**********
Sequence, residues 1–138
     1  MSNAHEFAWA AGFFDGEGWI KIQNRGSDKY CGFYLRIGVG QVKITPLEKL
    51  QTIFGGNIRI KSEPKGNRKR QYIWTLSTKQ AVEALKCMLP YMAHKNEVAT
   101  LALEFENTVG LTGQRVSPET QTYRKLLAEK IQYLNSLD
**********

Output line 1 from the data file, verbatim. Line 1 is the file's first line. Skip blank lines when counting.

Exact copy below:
Sequence, residues 1–138